do not let my enemies exult over me.
Do not let those who wait for you be put to shame;
let them be ashamed who are wantonly treacherous.

Make me to know your ways, O LORD;
teach me your paths.
Lead me in your truth, and teach me,
for you are the God of my salvation;
for you I wait all day long.

Be mindful of your mercy, O LORD, and of your steadfast love,
for they have been from of old.
Do not remember the sins of my youth or my transgressions;
according to your steadfast love remember me,
for your goodness’ sake, O LORD!

Good and upright is the LORD;
therefore he instructs sinners in the way.
He leads the humble in what is right,
and teaches the humble his way.
All the paths of the Lord are steadfast love and faithfulness,
for those who keep his covenant and his decrees.

Reading from Hecker’s diary, June 6, 1844

What would the spirit have me to do? To say? It seems to give me no rest, would it have me to be still, quiet and peaceful?

What is the work that the spirit is doing now within me?

The spirit draws me ever inward and will not permit me to read, think, or do anything else but attend to it. It is like a young bride; it would have me ever in its presence speaking of its charms.

Responsory

Incline my heart according to your will, O God.

Incline my heart according to your will, O God.

Speed my steps along your path,

according to your will, O God.

Glory to the Father…

Incline my heart according to your will, O God.

Intercessions

We pray for all of us present, that we might discern where the Holy Spirit is guiding us.

Lord hear our prayer.

We pray for all earnest seekers to find where God leads them in life.

Lord hear our prayer.

We pray for the young men joining us this weekend who are discerning a life with the Paulists.

Lord hear our prayer.

We pray that all leaders, civil and religious, listen to the people and to God

Lord hear our prayer.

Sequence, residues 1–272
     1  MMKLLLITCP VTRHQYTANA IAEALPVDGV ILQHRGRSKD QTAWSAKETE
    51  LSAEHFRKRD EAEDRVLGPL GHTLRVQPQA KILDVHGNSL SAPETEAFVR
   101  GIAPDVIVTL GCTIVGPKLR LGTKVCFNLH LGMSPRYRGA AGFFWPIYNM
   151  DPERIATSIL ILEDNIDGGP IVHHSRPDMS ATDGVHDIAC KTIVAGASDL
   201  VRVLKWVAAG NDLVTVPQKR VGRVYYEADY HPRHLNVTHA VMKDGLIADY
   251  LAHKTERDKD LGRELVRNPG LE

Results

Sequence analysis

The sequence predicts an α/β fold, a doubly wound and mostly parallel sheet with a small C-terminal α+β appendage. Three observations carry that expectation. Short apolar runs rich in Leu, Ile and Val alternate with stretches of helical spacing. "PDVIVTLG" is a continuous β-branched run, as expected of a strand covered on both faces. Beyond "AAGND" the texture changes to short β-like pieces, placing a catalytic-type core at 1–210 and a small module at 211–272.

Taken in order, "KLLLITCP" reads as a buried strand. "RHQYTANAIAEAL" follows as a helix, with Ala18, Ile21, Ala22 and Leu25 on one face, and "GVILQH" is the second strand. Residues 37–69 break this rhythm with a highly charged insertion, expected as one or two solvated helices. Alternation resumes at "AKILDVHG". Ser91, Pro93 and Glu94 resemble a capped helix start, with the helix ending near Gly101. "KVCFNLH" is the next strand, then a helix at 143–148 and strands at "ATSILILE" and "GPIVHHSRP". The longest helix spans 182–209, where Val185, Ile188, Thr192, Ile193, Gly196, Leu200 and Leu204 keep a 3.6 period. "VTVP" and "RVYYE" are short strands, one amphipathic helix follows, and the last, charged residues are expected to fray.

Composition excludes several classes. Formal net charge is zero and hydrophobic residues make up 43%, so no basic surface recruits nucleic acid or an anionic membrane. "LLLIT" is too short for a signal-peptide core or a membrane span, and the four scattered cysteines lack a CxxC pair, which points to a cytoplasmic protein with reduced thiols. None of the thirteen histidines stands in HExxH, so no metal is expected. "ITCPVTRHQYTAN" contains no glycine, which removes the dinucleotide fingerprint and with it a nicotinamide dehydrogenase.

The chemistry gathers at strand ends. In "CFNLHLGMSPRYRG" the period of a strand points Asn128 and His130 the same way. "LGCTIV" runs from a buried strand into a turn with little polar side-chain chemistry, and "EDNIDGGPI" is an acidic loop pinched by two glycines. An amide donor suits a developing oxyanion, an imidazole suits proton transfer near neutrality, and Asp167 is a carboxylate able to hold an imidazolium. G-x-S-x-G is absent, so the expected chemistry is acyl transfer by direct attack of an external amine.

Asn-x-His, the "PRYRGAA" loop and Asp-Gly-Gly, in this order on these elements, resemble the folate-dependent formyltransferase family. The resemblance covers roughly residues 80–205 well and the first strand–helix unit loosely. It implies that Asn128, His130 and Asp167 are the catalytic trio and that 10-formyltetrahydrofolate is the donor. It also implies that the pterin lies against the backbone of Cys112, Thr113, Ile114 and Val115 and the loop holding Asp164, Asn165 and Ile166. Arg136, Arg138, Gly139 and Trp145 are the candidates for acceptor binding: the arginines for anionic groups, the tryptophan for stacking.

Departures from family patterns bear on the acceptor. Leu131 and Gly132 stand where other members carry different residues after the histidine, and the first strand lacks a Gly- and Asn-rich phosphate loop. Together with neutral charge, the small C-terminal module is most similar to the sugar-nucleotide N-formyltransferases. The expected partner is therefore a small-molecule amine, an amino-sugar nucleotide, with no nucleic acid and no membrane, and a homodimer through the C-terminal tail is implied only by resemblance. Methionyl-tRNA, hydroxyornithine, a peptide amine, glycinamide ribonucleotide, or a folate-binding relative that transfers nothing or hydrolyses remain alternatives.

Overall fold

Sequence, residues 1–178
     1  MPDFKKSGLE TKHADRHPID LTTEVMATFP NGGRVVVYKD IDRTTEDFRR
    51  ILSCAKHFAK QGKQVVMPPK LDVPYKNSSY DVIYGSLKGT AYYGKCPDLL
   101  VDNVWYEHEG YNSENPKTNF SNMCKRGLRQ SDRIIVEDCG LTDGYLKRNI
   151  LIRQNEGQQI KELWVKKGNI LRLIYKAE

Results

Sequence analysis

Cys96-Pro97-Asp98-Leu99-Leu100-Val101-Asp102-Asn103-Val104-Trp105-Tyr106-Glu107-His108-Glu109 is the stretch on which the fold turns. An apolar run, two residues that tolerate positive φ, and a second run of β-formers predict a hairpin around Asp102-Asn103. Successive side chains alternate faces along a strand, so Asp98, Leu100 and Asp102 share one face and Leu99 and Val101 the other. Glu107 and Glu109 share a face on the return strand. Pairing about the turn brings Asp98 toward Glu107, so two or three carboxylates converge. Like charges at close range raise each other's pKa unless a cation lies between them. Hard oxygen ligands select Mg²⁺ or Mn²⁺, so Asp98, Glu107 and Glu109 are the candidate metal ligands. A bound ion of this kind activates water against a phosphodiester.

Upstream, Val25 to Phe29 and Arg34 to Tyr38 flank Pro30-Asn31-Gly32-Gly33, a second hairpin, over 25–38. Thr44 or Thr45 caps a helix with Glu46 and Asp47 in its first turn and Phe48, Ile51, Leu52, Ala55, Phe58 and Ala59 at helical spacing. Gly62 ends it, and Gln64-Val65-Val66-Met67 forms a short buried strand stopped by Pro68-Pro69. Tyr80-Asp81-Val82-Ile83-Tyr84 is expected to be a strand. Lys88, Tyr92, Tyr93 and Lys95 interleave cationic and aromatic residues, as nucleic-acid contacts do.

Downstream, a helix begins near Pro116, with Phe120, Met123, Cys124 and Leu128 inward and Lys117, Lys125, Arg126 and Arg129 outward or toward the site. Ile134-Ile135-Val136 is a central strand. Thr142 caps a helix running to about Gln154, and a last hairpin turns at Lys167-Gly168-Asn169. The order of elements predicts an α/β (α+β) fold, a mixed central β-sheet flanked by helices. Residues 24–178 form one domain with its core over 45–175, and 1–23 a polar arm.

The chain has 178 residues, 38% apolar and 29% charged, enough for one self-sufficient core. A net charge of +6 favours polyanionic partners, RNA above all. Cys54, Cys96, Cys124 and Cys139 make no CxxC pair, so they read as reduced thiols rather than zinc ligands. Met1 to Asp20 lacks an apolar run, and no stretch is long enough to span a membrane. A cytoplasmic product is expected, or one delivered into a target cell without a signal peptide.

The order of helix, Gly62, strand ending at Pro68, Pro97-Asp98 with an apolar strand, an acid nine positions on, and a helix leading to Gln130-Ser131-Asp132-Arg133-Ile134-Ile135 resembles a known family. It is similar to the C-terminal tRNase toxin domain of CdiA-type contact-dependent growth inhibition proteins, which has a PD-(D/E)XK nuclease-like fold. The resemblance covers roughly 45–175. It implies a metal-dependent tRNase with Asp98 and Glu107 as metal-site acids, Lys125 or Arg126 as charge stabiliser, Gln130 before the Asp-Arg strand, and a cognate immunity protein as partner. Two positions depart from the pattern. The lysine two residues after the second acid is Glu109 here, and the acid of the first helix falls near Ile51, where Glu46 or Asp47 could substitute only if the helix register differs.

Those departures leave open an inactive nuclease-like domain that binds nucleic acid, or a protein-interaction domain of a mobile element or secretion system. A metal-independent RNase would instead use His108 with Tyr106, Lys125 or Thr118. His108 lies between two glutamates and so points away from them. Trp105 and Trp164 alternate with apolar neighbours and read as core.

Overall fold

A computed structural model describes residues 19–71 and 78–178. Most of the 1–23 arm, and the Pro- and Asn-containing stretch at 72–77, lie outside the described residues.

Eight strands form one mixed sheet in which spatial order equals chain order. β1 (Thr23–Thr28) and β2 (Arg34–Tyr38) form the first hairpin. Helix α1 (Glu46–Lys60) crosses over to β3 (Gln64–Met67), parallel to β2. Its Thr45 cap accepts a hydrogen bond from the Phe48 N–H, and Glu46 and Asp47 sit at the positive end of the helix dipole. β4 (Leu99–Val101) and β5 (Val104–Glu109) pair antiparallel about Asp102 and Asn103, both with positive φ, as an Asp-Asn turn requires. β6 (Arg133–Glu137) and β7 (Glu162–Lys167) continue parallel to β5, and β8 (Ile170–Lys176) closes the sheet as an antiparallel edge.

For what else shall we pray?

Our Father…

O God, who enlightens the minds and inflames the hearts of the faithful by the Holy Spirit, grant that through the same Spirit we hear in our hearts where you are guiding us. We ask this through Christ our Lord. Amen.

The Lord bless us, protect us from all evil, and bring us to everlasting life.
Amen.
Let us bless the Lord.
And give God thanks.

— Novice

Question: Who Pays for Seminary?

stack of dollars

Not all the questions about the seminary experience deal with weighty theological issues.  Some of them are, in fact, pretty mundane.

Seminary — like most higher education — isn’t cheap.  So, who is paying for the training for the next generation of priests and religious?

The answer is: it depends.

As we mentioned a while back, there are two kinds of priests:  diocesan and order.  (Sometimes referred to as secular and religious priests — toss out that bit of trivia at a party and watch your friends try to puzzle out the difference.)  Among the other differences, diocesan priests generally draw a salary and are expected to pay for their own food, transportation, etc.  Order priests generally do not draw a salary and are dependent on their order for all of their material needs.  In practice, this means that diocesan priests need to be careful managers of their money as the salary isn’t that great while order priests rely on the order to balance needs the of the entire community.  As our previous pastor put it (with tongue firmly in cheek), “Order priests take the vow of poverty, diocesan priests live it.”